(2) The report deals only with Israel mothballing fissile material - not nuclear weapons. This is a critical distinction - it's the difference between Israel resting on its arsenal of 150-200 nuclear weapons in an otherwise de-nuclearized Middle East, and Israel weakening itself by dismantling its arsenal. The SSI report does not believe that Israel actually disarming would have any effect on Iranian motives for proliferation because Iran is not developing their arsenal for defensive purposes. They're developing it to destroy Israel...

The report recommends that Israel trade its ability to produce future bombs for Iran's ability to produce future bombs...There's a very specific reason why the SSI authors do not recommend that Israel publicly dismantle its nuclear arsenal - because they think it would risk a regional nuclear war.


In Bisharat's piece, he omits the details--and, as usual, the real story is in the details. If one reads Ceren's piece first and then reads Bisharat's, one can see that Bisharat does not actually say, point blank, that the report asks Israel to start disarming its nuclear arsenal, although one can also see that, if one has read only Bisharat's article, a typical reader might easily come to the conclusion that that is what he's saying.

Yes, Bisharat does mention that the report asks that Israel perform "small, reversible steps towards disarmament." By this he no doubt is referring to the steps Ceren mentions, which involve mothballing fissile material and freezing a reactor, in exchange for a host of similar steps and obligations by other Arab and Moslem countries. But by failing to explain precisely what those steps asked of Israel are, and by not emphasizing the quid pro quo aspects of them, he is misleading the reader.

This is not an isolated case; it seems that, when op-ed pieces (or even straight news pieces) are written based on documents about policy recommendations, those recommendations are frequently distorted almost beyond recognition (remember Duelfer?). Is this a reading comprehension problem on the part of the writers and journalists composing these pieces? Or a writing problem? Or is it deliberate obfuscation?

What is the obligation of editors at newspapers such as the LA Times to fact-check these pieces by reading the original reports, and to see if the articles fairly represent what's actually in them? And do those editors have a duty to fire journalists who consistently distort such reports? In addition, what should the editors' standards be in choosing op-ed writers, and do they need to identify those writers in such a way as to clarify whatever agendas they may bring to their works?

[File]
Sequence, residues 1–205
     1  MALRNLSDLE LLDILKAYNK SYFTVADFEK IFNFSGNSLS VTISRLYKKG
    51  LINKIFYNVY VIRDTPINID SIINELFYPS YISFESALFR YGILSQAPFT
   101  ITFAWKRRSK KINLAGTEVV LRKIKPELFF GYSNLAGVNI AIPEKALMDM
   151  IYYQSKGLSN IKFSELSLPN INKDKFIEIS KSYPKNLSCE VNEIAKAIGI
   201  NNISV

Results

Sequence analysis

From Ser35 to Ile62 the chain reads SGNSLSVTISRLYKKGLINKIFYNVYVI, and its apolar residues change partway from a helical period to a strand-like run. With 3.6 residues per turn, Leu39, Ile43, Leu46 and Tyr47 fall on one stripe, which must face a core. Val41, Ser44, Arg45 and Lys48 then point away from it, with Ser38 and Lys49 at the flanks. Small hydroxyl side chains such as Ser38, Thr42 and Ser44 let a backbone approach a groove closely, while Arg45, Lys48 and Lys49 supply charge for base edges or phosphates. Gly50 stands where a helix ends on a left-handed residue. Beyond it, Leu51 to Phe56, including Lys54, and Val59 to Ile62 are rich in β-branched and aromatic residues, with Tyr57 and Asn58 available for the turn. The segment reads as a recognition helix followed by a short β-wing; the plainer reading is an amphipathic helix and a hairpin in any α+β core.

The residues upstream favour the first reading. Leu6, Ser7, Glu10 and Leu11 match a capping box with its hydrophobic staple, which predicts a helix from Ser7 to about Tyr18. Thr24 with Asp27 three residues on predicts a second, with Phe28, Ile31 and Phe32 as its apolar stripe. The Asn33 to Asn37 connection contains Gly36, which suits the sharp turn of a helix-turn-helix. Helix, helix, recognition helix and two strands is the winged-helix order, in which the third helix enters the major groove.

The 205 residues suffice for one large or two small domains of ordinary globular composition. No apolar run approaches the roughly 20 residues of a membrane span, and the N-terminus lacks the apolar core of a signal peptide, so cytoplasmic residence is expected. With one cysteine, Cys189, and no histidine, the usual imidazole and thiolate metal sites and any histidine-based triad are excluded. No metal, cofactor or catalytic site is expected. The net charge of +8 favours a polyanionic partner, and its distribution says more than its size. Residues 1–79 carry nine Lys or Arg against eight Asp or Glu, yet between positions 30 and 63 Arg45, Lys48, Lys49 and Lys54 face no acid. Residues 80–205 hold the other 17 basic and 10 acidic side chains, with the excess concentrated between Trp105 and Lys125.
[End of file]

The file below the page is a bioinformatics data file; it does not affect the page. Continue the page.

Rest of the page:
When we see an op-ed piece by Pat Buchanan, for example, or by Jimmy Carter, we pretty well know what we are dealing with. We know their history and their political agendas, and we know how to weigh what they are saying, adding into the mix our own notions of how they might be predisposed to slant things to advance those agendas. If this piece had been written by the Iranian ambassador to the UN, for example, we'd know where he was coming from; likewise, if it had been written by his Israeli counterpart. That doesn't mean either would be lying, by the way; it simply means they would be bringing known biases to the table. The reader should always evaluate each piece of writing on the merits of its own logic, of course. But knowing what biases to look out for can only enhance our ability to perform such evaluations.

So, it is in that spirit that I ask: who is Bisharat, and what are his political biases in the area of the Middle East and Israel? Does he have any? The Times identifies him as: is a professor of law at Hastings College of the Law in San Francisco who writes frequently on law and politics in the Middle East. And this is, in fact, the case.

But if you read the entire bio to which I just linked, you'll find the following:

[Bisharat's] study of the impact of Israeli occupation on the Palestinian legal profession of the West Bank, Palestinian Lawyers and Israeli Rule: Law and Disorder in the West Bank, was published in 1989. In recent years, Professor Bisharat has consulted with the Palestinian Legislative Council over the structure of the Palestinian judiciary, reforms in criminal procedure, and other aspects of legal development.

Again, let me emphasize that such a history is not a disqualification for writing on this subject. Nor is being a Palestinian (or a Jew or an Israeli, for that matter), a disqualification; not at all. But we do need to know whether Bisharat is or is not an objective observer here; does he have a relevant political agenda?

With just a bit more research, one can easily come up with more information about a possible political agenda.